12 December 2009

The Singular Stratiote

These marvellous striped stockings, much gimped, are all that remain of the figure of a stratiote in a Cretan fresco of military saints, but they suggest something of the multivalent world of the stratioti. The name comes from the Greek word stratiotis, one obligated to military service, and in this period it was supplemented by the Italian notion that it meant something like "on the road." Marino Sanudo described them in the 1480s:

These stratioti are Turks, Greeks, and Albanians living in the Morea, men of great spirit, ready to put themselves in every danger. They ride their horses with great swiftness, cutting down and laying everything to waste. They are by nature rapacious and much given to looting and to the deaths of men, against whom they use great cruelty. They carry shield, sword and lance with a pennant at the tip of the lance, and an iron mattock at their side. Few wear a cuirass, and the rest only their coats of bombazine1 sewn in their fashion. Their horses are large, good workers, fast on the hoof, and always carry the head high. They eat grain and straw. These people are much experienced in war . . . and their city wall is the sword and the lance.
OK, that sounds a bit like the Spartans claim for themselves, but the stratioti were -- given that this is a fallen world and much happens that we would prefer did not -- the stratioti were pretty magnificent.  Those Sanudo writes about had been imported from Modon, Corone, and Nauplion in 1482 for the Ferrara war.  There had been days of arguing and a near-revolt against Minio over the pay scales offered, and then as soon as they were off-loaded from their barges on the Brenta canal, most were massacred in a charge by Federigo de Montefeltro and his steel-armed warriors.  The stratioti were having no more of this, so they refused to fight until they had a commander of their own -- "not one of those Italians " -- and announced they would take no prisoners. The general practice was to try to capture individuals for whom they could collect ransom.  Meanwhile they engaged in a little looting while the Venetians decided what to do. Minio arrived back in Venice from Nauplion just in time to be appointed their commander -- he seems to have been thought the only person likely to be able to control them, and was commended for their military success.  But the Ferrarese and their allies were frightened of losing their heads or, if not killed, their ears, and the stratioti's reputation possibly accomplished more for them in Italy than actual fighting.

 Venice had been hiring stratioti here and there in Greece for about 60 years, but their first real use came early in the 1464-1478 war when four-fifths of the fanti Sigismundo Malatesta had brought from Italy died of plague. Stratioti cost considerably less, they supplied their own horses, they knew the mountain routes that had to be negotiated as the Venetian troops dodged and tracked the Turkish.  And, as Barbarigo wrote, "These peasants are better fighters than the Italians." Barbarigo was supposed to oversee Malatesta and coordinate the war efforts, including food, pay, hiring and firing.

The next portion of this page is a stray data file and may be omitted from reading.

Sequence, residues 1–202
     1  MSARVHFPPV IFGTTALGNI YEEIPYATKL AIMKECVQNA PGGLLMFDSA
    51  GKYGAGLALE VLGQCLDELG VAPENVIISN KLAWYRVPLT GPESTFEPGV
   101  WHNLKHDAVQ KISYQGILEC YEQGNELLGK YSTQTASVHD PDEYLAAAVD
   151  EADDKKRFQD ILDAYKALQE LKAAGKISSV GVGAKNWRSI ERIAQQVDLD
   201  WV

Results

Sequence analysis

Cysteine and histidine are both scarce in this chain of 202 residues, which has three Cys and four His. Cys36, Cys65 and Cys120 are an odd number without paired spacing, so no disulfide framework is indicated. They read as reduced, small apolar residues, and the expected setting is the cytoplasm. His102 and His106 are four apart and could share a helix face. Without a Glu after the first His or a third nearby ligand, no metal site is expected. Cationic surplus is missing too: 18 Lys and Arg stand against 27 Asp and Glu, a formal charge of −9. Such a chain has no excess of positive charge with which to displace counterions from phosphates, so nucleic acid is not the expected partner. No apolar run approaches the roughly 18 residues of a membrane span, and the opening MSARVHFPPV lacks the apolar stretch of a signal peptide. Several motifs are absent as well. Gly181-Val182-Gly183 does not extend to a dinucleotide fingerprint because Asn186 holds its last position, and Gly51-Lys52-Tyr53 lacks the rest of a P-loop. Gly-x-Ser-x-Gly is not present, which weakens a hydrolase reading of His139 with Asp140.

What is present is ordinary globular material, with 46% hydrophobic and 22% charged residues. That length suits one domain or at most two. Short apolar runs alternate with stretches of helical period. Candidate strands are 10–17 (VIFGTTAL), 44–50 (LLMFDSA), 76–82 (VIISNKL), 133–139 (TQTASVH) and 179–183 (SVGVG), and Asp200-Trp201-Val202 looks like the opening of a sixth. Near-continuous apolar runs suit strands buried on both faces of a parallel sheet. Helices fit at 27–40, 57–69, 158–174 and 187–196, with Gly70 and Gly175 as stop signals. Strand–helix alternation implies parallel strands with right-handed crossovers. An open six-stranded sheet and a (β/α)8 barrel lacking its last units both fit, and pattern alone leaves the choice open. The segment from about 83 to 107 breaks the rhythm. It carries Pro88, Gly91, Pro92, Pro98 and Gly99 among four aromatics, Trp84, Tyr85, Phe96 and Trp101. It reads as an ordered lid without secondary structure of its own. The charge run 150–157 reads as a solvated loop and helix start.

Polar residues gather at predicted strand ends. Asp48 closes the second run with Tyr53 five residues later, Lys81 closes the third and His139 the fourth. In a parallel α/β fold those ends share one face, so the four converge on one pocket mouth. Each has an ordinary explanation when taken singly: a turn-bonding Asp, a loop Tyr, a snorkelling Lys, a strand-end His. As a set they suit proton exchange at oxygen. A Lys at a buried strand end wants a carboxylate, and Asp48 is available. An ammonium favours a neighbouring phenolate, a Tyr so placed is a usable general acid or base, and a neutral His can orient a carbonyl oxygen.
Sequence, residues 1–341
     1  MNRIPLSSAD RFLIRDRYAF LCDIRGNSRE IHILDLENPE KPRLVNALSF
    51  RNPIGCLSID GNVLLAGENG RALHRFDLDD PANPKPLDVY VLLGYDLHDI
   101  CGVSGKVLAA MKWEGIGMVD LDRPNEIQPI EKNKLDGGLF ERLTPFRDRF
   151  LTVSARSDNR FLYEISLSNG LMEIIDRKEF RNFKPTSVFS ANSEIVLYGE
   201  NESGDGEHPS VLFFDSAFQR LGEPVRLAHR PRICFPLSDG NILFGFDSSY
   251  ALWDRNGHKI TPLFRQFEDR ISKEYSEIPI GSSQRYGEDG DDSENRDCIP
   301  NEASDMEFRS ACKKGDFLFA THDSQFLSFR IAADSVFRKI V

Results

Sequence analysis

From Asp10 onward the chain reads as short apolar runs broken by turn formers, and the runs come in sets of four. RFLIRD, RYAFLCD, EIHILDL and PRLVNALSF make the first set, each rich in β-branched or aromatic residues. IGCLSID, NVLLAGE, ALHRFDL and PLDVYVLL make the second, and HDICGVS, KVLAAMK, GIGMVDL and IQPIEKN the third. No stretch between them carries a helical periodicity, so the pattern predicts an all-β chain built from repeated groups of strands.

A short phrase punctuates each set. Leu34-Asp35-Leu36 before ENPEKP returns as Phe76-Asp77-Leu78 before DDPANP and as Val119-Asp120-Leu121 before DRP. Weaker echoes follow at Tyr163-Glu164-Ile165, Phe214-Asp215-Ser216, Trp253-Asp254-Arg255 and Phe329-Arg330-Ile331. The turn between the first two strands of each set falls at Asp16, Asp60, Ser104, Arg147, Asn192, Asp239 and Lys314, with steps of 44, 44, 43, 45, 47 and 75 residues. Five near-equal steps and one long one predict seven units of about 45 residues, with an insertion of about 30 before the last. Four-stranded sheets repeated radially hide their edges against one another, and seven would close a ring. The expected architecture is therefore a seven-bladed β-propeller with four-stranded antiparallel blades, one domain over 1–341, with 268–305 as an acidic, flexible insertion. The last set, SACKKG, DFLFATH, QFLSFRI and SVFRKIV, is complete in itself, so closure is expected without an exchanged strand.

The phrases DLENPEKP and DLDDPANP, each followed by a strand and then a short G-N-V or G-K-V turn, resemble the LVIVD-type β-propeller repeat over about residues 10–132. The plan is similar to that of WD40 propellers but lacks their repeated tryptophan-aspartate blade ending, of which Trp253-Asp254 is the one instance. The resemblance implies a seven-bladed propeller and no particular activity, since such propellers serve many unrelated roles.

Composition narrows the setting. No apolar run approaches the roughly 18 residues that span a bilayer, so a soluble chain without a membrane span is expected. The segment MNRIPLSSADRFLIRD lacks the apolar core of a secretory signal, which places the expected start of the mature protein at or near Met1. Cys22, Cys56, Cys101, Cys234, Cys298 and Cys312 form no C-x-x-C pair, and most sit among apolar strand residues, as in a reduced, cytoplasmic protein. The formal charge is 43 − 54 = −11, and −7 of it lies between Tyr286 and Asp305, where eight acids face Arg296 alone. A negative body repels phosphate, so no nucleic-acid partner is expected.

This war had very little commitment back home, and much of Barbarigo's wonderful letters are concerned with trying to get food for his troops, pay for his troops, straw for their horses.  Very little of anything was being sent out, and he had before him the example of stratioti in country, too long without pay, who had decapitated their Italian captain. Then he had trouble finding aides who could speak and write Greek to deal with them, and he was on short rations himself.  He had to send half of his stratioti up to Nauplion territory, because Modon and Corone territories could only feed 150 horses each.  Meanwhile, the stratioti were selling off their future wages at one-quarter of their worth to get a little money for a little food.  Most of them were without shoes, and many of were sick from malnutrition and malaria. Then there were the occasional raids that acquired a couple of thousand sheep and goats, and half of them had to be slaughtered and abandoned because the band of 40 or 70 stratioti couldn't manage them across the mountain passes fast enough ahead of the Turks.

Stratioti are rarely singular.  They are almost always mentioned in groups, though two were assigned to take the Anonymous Naupliote from Mouchli to Argos.  They fight in bands, almost always family-related groups, usually between eighteen and thirty males of all ages, but on occasion as many as 500.  We have very few names of individual stratioti, but we have many of names of kapitanioi, or capi -- Krokondeilos and Emmanuel Kladas, Michali Rallis, Thodoro Bua, Petro Bua, Bozike, Blessi, Theodoros Palaiologos, Demetrios Palaiogos (related, but not imperial), and towns all over Greece have names familiar from stratioti  in the 15th Century -- Gerbesi, Manessi, Zonga. Venice rewarded the kapitanioi and gave them lengths of red or black cloth on occasion when there wasn't money, and generally provided widows' pensions, daughters' dowries, and hired the sons.  The stratioti were so much food for the birds and the dogs.